How to stress less during the festive season

Kristine Tarbert
Lifestyle & Entertainment Producer

It’s no real surprise that while the festive season is a time of family, fun, and food, for many of us, it ends up being an extremely stressful time of year.

And apparently we are stressing so badly that it is impacting our health. According to one study, the Christmas season can be so bad for our health that it actually leads to an increase in heart attacks.

Human behaviour expert Dr John Demartini believes holiday stress is often self-imposed and comes from feelings of expectation and other negative emotions. And that kind of stress can have a huge impact on our bodies.

“Stress can run our immune system down, lead to inflammation and raise our blood pressure,” Dr Demartini tells Yahoo Lifestyle.

“It can also create muscular tension, constrict certain arteries, lead to cardiac arrhythmia, and disturb our microbiome and neurochemistry.”

Christmas season can be so bad for our health that it actually leads to an increase in heart attacks. Photo: Getty

He says that during the Christmas season our normal expectations can sometimes be elevated to the point of becoming a bit unrealistic. That is why when our expectations of ourselves can’t be met it leads to negative emotions like anger, resentment, guilt – all culminating in extra stress.

Because of this Christmas isn’t always a happy time for everyone. However, with careful planning, preparation and budgeting, Dr Demartini says you can be better equipped for a happier time over the holidays.

Stick to a sensible budget

Budget is a big contributor to stress over Christmas, as many of us will often feel the need to overspend or overcompensate.

Dr Demartini says that could occur for a number for reasons. We might underestimate the costs when deciding what we would like to buy for loved ones and then discover it is more than expected.

Maybe we feel guilty that we have not communicated with them through the year and overcompensate by buying their affection,” he tells Yahoo Lifestyle

Competition and the attempt to keep up with others who might be more well off is another danger. As well as impulse buying and not realising the overall costs of using credit cards.

We can sometimes assume we have more money in reserve than we actually do, or we we will make more money shortly after the holidays to cover our possible overspending,” he says.

To combat this Dr Demartini says to be realistic about how much you want to spend on gifts and how much you can really afford.

Don’t exaggerate what is not within your means. Understand that sentimental gifts – such as a sincere letter of gratitude, or a hand-crafted item – can often be more meaningful than expensive ones.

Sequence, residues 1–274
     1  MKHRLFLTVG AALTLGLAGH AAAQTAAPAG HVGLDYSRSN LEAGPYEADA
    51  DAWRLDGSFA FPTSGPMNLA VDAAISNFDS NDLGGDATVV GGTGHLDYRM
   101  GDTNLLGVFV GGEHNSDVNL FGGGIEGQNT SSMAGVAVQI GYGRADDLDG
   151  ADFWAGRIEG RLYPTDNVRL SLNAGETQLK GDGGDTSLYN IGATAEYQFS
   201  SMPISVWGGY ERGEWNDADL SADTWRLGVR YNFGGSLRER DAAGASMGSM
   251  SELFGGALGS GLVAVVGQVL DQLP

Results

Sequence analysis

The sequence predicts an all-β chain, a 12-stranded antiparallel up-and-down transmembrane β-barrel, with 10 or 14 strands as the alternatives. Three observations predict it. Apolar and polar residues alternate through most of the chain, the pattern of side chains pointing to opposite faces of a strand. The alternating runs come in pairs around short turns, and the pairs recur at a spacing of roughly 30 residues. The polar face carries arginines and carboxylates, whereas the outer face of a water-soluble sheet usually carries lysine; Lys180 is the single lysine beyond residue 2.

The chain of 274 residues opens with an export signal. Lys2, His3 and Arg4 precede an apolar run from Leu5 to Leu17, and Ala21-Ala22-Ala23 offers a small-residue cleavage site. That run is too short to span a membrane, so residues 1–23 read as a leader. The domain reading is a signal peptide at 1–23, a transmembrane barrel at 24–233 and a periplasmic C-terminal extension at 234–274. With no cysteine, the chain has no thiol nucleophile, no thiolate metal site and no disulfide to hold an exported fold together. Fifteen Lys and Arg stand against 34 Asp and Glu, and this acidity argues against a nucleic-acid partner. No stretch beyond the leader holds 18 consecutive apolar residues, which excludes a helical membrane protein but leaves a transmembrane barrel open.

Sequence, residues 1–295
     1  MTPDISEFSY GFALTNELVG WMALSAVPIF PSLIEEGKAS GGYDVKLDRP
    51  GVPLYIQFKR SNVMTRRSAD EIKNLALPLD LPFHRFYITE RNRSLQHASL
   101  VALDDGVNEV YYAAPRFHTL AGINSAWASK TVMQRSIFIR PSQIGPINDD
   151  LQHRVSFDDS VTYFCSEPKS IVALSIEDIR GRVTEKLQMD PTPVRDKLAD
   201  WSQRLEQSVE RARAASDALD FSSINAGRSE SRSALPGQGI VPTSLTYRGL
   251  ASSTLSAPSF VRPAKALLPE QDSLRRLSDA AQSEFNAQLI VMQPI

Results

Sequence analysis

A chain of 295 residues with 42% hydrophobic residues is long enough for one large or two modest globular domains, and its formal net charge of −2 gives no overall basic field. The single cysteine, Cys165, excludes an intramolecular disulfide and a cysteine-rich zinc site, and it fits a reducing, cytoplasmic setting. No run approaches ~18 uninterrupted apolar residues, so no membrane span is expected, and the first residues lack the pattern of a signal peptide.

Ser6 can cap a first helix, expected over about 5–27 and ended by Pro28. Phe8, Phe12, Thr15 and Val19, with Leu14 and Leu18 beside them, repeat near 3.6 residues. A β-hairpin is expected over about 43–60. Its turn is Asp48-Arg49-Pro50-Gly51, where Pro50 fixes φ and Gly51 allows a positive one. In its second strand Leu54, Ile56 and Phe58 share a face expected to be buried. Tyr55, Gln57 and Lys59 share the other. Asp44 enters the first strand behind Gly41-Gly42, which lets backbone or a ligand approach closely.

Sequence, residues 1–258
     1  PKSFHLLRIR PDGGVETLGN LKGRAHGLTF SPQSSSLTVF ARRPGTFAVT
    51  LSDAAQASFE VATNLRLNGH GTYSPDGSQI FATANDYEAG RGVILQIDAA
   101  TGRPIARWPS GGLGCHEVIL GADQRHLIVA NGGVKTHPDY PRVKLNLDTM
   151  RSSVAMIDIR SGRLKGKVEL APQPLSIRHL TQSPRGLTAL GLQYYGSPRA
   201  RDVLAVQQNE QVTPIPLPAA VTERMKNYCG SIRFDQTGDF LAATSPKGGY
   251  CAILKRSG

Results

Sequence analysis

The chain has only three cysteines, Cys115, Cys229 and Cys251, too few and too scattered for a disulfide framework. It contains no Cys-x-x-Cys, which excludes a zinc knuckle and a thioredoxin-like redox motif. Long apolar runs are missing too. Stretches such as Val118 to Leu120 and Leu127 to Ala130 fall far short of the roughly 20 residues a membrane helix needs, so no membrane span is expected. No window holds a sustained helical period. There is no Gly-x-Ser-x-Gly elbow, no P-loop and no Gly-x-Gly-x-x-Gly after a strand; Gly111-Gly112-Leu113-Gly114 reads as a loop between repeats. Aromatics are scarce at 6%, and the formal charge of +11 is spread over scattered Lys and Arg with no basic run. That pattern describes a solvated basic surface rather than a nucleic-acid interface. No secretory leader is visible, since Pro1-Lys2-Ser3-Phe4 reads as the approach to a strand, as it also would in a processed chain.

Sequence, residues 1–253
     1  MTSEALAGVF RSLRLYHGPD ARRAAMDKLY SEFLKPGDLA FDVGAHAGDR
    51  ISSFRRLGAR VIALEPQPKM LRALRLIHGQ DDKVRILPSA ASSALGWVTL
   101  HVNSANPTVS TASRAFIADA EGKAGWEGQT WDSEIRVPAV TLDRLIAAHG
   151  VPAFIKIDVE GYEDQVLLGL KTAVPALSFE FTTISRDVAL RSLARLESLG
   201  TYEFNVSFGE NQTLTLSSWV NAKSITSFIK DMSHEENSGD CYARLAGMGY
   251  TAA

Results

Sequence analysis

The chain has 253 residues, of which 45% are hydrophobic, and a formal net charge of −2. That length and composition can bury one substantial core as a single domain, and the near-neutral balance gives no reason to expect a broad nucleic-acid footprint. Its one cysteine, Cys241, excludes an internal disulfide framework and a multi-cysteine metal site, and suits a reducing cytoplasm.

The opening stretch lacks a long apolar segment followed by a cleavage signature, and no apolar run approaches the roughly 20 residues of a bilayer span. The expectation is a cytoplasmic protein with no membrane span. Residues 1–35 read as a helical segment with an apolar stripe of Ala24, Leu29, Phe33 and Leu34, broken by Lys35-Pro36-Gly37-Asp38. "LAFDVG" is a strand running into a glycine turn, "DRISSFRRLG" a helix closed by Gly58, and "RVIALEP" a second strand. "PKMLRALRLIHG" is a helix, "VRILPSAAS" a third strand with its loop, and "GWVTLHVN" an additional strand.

For some the season is the most stressful time of year. Photo: Getty

Schedule in time for yourself

Plan your Christmas calendar as far ahead as you can and schedule some time in for yourself over this period, Dr Demartini suggests.

Importantly, try not to say ‘yes’ to everything – only commit to the time you actually want to spend and be specific about your availability.

“There is nothing wrong with telling people ahead of time that you’re planning to drop by and only stay for an hour, or even less,” he says. “Fill your day with inspiring stuff, don’t just commit to other people’s plans. You’ll enjoy the season a lot more.”

Set basic rules

If you have family coming to your home at the holidays, it will make things much easier for you if you let them know what the rules are in advance.

“Setting basic rules – such as take shoes off at the door, no political conversation, everyone shares in the clean up – can increase the fun factor at Christmas by reducing aggravation.”

Prepare for awkward conversations

Christmas might be considered a time to spend with family, but for many this aspect of the holiday season can sometimes be the most dreaded.

When catching up with family, having to deal with prying and personal questions about relationships, work and money can often be par for the course.

“The only solution here is to arrive at your event prepared for those questions,” Dr Demartini says. “Come up with a witty remark or two, so that you can greet the question without feeling pressured to divulge personal information.

“Or, list the benefits or the positives of this area of your life and lead the conversation toward those aspects – for example, you might not have a partner this Christmas, but it has freed you up for seeing lots of friends and given you greater flexibility with your plans.”

If you’re experiencing feelings of anxiety or depression contact Beyond Blue, Batyr or PANDA for support.

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